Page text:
Egypt: CBE Adopts ‘More Flexible’ Exchange Rate Policy

By Aswat Masriya

Cairo – Egypt’s central bank said on Monday it had undertaken a “more flexible” exchange rate policy with the aim of “restoring regular and sustainable foreign exchange trading within the banking system.”

The Central Bank of Egypt (CBE) devalued the Egyptian pound on Monday to change hands at EGP 8.85 per dollar down from EGP 7.73, marking the first devaluation since last November.

CBE offered $200 million at the new exchange rate of 8.85 Egyptian pounds, in an exceptional auction on Monday. The bank sold $198.1 million to cover the prices of the basic commodities.

Egyptian banks devalued the Egyptian pounds to change hands at EGP 8.95 to the dollar. The CBE allows banks to sell dollars at 10 piastres below or above the original value.

On the black market, the Egyptian pound strengthened against the dollar, buying at EGP 8.84 and selling at around EGP 9, after it had weakened last week, almost reaching EGP 10 to the dollar, Reuters reported.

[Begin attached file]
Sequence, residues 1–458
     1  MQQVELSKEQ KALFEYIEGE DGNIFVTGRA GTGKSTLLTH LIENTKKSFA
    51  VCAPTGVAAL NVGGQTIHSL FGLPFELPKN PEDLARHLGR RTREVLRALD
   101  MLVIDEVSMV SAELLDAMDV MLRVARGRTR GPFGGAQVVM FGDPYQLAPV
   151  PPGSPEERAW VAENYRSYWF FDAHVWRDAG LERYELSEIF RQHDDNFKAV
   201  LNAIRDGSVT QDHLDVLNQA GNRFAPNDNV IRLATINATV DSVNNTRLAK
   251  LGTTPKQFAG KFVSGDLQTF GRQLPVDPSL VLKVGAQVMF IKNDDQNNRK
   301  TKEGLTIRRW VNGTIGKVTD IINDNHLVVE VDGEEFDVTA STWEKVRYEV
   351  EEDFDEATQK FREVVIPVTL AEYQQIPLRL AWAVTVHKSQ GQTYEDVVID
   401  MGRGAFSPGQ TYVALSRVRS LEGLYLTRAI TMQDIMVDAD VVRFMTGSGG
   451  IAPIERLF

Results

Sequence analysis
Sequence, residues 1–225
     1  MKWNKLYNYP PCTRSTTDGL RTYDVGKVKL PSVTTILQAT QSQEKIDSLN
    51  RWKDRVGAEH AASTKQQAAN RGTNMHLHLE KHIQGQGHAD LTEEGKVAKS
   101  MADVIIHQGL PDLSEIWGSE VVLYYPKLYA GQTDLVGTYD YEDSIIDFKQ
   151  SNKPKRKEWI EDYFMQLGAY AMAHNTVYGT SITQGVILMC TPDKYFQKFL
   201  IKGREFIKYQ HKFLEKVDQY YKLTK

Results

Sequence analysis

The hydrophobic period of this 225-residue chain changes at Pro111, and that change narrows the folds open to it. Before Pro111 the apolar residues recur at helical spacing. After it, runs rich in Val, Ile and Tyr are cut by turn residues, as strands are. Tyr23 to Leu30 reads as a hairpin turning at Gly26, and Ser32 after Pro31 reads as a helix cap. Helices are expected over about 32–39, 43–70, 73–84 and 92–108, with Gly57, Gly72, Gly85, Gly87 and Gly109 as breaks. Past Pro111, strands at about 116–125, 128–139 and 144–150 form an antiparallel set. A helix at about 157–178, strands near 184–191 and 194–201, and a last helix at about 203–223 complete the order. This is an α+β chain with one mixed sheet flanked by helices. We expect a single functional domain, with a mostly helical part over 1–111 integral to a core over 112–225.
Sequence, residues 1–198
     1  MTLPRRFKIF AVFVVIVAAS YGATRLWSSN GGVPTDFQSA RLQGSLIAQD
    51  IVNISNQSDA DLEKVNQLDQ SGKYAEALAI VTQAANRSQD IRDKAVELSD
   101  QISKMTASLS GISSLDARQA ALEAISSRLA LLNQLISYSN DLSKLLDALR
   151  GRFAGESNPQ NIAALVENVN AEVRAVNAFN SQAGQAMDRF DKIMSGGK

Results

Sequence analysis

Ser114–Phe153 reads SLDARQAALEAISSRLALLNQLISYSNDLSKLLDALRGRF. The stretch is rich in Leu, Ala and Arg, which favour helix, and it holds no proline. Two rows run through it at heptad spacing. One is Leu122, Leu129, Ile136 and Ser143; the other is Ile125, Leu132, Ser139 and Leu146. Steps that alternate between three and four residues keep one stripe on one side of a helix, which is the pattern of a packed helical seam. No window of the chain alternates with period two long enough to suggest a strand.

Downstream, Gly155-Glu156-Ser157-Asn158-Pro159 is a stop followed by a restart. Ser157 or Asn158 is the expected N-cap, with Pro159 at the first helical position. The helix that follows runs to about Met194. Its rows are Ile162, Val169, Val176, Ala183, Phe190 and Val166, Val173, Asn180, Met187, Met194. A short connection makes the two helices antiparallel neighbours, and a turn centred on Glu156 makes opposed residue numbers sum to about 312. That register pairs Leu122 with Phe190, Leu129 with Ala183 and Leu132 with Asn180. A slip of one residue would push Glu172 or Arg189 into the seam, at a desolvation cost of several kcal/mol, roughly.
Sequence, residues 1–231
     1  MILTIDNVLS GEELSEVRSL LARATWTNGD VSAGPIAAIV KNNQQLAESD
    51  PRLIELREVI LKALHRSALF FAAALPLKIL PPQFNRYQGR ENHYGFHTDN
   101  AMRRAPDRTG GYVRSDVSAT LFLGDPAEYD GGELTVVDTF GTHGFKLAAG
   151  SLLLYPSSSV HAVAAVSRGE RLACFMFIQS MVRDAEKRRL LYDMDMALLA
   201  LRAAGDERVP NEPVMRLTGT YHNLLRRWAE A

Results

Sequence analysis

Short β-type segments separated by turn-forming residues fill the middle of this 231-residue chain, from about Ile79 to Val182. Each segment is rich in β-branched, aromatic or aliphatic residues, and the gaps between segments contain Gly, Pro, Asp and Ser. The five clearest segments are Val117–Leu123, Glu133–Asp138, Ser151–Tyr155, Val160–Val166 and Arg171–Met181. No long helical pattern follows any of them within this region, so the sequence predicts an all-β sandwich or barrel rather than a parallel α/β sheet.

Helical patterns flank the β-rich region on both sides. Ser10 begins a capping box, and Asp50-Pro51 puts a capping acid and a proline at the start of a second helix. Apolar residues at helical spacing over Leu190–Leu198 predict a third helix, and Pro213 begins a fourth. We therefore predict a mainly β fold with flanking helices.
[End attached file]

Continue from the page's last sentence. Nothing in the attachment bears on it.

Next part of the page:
To alleviate the crisis, the CBE injected $500 million into banks in an exceptional auction last Sunday to cover the imports of basic commodities. It also lifted the cap on foreign currency cash deposits and withdrawals for individuals and for companies that import basic commodities.

Egypt’s foreign reserves inched up at the end of February by 56 million dollars reaching 16.533 billion, still less than half of the foreign reserves Egypt had before the 2011 Uprising when they were almost $36 billion.

Source: All Africa